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daveyoung2In any martial art, there is always the risk of getting injured. I think most martial art and self-defense students have experienced at least one mild injury during their training. This is the trade-off. Training that is meant to prevent violence requires violence, so it must be imbued with an inherent risk. Yet,being trained allows you to reduce risk in a real fight.

How can you avoid injury in training and avoid injury in a real situation?

As a musician, my hands and my brain are the two more important things that allow me to write, record, and perform. Thus, throwing punches and getting hit in the head may seem counterintuitive towards preserving these body parts. There is a balance between avoiding injury to maintain my ability to work, and taking the risk of injury to be able to defend myself and my family.

First of all, I am NOT a fan of being punched in the face or hit in the head in any manner.  Many studies show that repeated blows to the head, even those that don’t cause concussions, can cause long-term changes in the brain and have lasting neurological effects. That being said, it is very important from a Krav Maga perspective to experience high pressure real world situations and be able to react appropriately.

In a fight, you are going to get hit, so experiencing the real thing in a simulation-type environment is invaluable as a learning tool.  At UTKM, we spar in a very controlled manner, and this is great for safety.  Even so, accidents happen. Everyone is at a different point in learning to control their strikes (and their emotions) so the best way to avoid getting hit and protect your brain is to train hard and improve your technique.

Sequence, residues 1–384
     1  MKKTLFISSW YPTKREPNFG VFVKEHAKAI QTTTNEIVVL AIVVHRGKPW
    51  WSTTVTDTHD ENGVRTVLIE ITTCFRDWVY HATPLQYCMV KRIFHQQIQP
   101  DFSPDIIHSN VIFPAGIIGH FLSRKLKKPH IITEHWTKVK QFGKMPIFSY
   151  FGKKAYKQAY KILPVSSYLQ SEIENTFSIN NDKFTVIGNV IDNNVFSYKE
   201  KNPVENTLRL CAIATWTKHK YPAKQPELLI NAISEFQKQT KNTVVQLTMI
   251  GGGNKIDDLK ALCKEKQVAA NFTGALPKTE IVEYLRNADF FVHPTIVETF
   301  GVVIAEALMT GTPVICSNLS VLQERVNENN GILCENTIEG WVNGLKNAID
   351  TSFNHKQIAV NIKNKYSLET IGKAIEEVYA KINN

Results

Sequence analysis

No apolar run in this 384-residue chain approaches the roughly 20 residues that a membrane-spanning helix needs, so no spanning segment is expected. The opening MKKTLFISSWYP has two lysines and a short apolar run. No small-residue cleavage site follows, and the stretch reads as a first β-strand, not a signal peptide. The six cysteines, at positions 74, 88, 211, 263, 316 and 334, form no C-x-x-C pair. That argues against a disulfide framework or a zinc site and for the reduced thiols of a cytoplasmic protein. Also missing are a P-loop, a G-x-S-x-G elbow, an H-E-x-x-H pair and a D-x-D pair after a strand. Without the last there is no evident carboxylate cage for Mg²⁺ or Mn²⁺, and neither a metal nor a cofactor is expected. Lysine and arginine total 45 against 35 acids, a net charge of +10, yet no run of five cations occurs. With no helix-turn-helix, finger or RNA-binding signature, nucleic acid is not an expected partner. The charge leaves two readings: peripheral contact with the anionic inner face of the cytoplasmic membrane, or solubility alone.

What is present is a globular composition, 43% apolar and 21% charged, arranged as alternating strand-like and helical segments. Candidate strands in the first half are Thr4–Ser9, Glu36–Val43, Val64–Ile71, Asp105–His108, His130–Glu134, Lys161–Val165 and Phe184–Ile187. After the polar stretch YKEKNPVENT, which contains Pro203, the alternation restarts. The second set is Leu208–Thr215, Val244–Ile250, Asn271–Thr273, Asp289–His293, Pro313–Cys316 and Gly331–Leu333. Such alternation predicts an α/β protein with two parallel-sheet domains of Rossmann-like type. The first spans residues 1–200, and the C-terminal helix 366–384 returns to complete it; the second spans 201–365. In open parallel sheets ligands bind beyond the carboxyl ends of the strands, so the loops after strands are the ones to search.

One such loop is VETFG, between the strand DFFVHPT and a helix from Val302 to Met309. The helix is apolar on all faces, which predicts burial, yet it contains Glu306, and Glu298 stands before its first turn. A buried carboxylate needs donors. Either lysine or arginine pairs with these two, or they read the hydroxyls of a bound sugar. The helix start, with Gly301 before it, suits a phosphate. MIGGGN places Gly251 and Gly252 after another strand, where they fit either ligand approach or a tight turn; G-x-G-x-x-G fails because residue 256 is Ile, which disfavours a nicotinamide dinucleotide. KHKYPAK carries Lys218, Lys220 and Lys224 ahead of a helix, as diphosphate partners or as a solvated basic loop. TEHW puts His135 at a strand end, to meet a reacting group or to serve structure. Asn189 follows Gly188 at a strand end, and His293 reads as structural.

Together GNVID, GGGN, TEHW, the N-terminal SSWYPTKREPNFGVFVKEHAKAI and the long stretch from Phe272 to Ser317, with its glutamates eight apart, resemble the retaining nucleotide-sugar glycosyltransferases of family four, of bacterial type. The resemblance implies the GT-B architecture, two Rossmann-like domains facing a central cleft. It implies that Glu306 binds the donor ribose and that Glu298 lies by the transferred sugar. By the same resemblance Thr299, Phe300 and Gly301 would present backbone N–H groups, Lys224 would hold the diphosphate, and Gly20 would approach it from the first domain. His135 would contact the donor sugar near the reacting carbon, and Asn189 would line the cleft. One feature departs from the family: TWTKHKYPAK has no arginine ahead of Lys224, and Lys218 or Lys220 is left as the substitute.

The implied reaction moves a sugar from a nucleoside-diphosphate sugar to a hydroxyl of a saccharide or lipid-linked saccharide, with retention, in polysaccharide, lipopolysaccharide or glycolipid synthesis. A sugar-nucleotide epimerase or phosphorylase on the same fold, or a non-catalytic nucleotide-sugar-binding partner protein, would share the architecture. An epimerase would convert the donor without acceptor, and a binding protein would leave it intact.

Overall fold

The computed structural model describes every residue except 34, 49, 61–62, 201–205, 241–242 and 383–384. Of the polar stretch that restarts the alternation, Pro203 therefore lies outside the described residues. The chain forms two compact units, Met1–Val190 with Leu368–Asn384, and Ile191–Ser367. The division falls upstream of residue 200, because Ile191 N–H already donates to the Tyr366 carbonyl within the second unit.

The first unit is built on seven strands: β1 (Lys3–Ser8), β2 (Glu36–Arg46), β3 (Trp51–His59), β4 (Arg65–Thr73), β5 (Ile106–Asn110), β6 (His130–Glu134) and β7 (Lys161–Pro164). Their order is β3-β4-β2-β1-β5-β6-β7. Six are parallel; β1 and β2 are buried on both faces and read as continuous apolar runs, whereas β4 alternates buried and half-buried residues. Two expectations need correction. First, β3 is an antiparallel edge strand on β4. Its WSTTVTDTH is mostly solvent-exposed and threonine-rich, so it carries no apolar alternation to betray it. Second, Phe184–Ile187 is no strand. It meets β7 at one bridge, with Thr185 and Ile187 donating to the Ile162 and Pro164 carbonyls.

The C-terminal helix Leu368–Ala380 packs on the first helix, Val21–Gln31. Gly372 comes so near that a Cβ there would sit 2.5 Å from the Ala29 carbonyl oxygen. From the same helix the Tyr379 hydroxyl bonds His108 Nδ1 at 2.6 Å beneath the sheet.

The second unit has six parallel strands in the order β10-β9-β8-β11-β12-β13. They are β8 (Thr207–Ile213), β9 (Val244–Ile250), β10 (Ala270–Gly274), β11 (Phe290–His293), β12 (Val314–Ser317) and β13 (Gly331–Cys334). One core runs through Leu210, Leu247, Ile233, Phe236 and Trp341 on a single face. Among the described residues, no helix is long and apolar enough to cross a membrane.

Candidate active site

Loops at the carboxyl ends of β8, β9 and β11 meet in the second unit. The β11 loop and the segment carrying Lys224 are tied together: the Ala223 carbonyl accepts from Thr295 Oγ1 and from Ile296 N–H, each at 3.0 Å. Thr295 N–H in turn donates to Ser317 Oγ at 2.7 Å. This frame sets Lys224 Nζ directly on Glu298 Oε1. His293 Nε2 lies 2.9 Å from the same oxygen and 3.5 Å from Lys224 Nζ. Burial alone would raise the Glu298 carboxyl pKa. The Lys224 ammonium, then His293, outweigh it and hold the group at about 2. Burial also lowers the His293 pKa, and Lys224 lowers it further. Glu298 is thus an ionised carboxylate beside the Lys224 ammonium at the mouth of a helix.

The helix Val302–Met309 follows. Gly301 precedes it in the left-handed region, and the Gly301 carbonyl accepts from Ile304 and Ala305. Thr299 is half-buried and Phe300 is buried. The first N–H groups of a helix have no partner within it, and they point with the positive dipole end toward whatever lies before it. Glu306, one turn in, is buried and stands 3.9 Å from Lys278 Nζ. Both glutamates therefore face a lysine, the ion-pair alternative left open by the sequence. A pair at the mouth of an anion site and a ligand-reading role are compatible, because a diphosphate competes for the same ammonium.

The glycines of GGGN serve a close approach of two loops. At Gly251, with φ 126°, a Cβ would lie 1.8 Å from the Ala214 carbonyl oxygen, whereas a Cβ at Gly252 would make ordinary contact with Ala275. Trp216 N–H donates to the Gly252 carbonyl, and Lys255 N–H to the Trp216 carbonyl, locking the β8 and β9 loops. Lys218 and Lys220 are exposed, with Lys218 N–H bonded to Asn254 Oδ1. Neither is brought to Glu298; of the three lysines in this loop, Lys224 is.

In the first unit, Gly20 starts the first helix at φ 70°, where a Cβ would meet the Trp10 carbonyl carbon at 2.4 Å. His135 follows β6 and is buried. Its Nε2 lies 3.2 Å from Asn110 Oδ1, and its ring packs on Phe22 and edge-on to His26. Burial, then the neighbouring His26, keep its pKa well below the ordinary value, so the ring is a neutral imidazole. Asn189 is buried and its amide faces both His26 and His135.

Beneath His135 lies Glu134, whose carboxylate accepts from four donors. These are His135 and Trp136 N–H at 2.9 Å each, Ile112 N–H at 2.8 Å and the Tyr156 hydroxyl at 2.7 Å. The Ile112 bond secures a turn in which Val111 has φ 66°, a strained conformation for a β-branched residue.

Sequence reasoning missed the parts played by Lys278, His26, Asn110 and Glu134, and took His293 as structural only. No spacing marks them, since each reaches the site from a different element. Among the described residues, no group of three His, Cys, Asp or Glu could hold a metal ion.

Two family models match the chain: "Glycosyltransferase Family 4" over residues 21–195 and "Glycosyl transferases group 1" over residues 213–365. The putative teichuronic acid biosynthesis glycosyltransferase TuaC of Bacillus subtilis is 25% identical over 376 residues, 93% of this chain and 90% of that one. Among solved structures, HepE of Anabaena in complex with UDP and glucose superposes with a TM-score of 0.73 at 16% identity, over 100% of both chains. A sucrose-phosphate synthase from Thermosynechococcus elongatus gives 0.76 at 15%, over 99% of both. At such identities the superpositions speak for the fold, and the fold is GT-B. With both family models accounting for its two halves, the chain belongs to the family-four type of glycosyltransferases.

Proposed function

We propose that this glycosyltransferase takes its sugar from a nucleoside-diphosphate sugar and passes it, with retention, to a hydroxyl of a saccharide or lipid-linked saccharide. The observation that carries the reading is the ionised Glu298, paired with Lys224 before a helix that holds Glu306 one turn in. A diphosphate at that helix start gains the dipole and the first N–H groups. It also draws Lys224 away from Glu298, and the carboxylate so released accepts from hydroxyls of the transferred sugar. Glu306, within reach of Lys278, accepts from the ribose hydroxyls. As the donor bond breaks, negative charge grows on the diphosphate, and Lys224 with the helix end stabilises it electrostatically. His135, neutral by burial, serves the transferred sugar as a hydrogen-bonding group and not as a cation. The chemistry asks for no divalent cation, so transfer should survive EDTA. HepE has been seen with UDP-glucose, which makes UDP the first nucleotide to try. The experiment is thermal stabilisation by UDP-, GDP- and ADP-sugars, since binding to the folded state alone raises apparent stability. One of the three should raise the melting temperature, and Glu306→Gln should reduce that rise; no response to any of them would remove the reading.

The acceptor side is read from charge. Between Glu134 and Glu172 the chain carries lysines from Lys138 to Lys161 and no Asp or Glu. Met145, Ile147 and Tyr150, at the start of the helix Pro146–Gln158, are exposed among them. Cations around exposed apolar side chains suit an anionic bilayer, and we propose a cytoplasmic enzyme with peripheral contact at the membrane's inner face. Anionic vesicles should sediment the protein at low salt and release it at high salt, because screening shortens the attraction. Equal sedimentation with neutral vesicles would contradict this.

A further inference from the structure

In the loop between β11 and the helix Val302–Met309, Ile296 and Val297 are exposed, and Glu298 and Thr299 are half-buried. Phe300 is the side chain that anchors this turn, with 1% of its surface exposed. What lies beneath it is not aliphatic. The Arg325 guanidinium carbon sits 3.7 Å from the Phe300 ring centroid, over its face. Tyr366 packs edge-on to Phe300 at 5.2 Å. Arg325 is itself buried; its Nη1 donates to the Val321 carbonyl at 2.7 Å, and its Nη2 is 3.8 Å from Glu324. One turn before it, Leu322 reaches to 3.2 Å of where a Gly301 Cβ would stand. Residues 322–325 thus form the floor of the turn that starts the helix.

The best way to avoid getting hit and protect your brain is to train hard and improve your technique.

When it comes to protecting my hands, the same idea applies: technique.  I work hard on improving my technique so that I retain thorough muscle memory of the proper movements and positions, whether I’m punching a bag, focus mitts, or sparring with one or many opponents. This reduces my chances of getting injured — remembering to keep my hands up, fist at 45°, elbow slightly bent, and so on. When I ingrain this into my muscle memory, I won’t need to remember to do it in a distressing situation, my body will know it and do it.

Better hurt in the gym, than killed on the street

Perhaps, I will never be required to fight for my life or to protect my family physically. Nevertheless, in the end, I would rather train hard and perhaps break my hands defending myself successfully, than be overly worried about hurting myself in training and ending up seriously injured in a real confrontation.

In a fight, you are going to get hit, so experiencing the real thing in a simulation-type environment is invaluable as a learning tool.

daveyoung2

Hi, I’m #Dangerous Dave! Photo from http://www.hevydevy.com/dtp/dave-young/

I am a musician and a Kravist